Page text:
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Another era in Montana horse racing comes to an end Tuesday when the statewide simulcast network goes dark.

Missoula businessman Nick Alonzo has operated Montana Simulcast Racing, LLC, daily since 2012, but said Monday he’s been bucking the times.

He decided a couple of weeks ago not to renew his one-year contract with the Montana Board of Horse Racing that ends Dec. 31.

“Unfortunately, the bettors aren’t there any more to have a place like this, other than one day a year for the Kentucky Derby,” Alonzo said from Katie O’Keefe’s Casino in south Missoula. “The older guys who understood horse racing and knew how to bet on these machines are dying or moving away, and the younger generation isn’t into horse racing. They’re into betting on football, the fantasy sports.”

Katie O’Keefe’s is one of three off-track betting sites in Montana that will close operations after Tuesday, along with the Halftime Sports Bar in Great Falls and The Enterprise Casino in Billings. Locations in Helena, Kalispell and Miles City were closed earlier this year as expenses continued to outstrip revenue.

Tom Tucker of Corvallis, the mastermind of Montana off-track betting when it was perennially in the black years ago, said the picture isn’t completely grim.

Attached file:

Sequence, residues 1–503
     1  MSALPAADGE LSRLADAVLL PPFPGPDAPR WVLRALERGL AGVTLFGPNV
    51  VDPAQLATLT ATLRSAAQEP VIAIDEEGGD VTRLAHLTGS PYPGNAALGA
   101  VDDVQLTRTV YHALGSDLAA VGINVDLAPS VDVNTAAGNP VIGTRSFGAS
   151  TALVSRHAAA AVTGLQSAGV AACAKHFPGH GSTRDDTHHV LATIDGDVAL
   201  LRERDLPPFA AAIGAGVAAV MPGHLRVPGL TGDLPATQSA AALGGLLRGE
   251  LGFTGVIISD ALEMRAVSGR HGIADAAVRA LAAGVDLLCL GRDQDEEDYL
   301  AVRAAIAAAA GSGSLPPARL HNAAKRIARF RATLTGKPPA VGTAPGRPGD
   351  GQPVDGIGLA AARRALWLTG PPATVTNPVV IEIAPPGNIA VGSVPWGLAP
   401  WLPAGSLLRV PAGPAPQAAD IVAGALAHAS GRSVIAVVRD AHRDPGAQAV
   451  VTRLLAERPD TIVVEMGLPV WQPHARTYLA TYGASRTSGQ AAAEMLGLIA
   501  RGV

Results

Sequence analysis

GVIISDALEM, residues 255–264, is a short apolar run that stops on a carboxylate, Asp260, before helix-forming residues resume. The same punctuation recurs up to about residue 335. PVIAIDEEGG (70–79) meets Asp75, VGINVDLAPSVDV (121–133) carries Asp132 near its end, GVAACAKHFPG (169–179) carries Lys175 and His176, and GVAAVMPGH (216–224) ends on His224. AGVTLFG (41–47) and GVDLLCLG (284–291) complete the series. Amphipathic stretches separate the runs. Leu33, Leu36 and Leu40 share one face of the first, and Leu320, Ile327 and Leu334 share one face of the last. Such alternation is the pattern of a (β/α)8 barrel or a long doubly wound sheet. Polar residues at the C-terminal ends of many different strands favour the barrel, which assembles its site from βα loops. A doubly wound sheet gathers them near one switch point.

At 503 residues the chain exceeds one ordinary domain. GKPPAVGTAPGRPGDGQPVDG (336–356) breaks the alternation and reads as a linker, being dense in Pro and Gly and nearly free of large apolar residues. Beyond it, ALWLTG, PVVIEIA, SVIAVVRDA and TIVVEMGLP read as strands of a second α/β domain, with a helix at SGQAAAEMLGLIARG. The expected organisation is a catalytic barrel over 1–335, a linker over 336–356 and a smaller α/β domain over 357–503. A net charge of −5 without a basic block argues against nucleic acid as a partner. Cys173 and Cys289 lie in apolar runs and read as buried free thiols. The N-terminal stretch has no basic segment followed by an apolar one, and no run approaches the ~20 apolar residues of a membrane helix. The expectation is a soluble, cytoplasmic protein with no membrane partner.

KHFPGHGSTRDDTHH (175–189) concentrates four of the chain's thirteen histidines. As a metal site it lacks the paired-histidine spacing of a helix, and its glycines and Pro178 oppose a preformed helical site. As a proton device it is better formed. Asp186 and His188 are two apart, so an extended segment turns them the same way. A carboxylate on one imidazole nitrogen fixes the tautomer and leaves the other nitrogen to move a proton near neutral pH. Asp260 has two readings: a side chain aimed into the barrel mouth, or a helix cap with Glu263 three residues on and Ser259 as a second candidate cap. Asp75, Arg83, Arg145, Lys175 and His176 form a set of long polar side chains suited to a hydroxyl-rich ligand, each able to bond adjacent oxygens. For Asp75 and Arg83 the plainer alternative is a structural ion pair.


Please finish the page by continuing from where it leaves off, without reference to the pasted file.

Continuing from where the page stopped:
“It (simulcast racing) is going away from the standpoint that Nick’s not doing it. We’re hoping that somebody else might pick it up,” said Tucker, executive secretary of the board of racing, which regulates both live and simulcast racing in the state under the auspices of the Department of Commerce.

Simulcast racing was a key contributor to purses at the few live race meets remaining, which in 2020 will consist again of three days in May in conjunction with the Miles City Bucking Horse Sale and five dates in July in Great Falls before and during the Montana State Fair. Tucker said it contributed about one-third of the purses and expenses in Great Falls.

At its November meeting, the racing board locked in $100,000 of state funds for Great Falls and $50,000 for Miles City for the coming year, Tucker said, so even if no simulcast operator surfaces, those live races will go on.

The natural successor to Alonzo in Missoula would be an operator in Great Falls, which with the backing of Cascade County Commissioners and the energy of the Great Falls Turf Club, has staged successful summer meets for the last several years.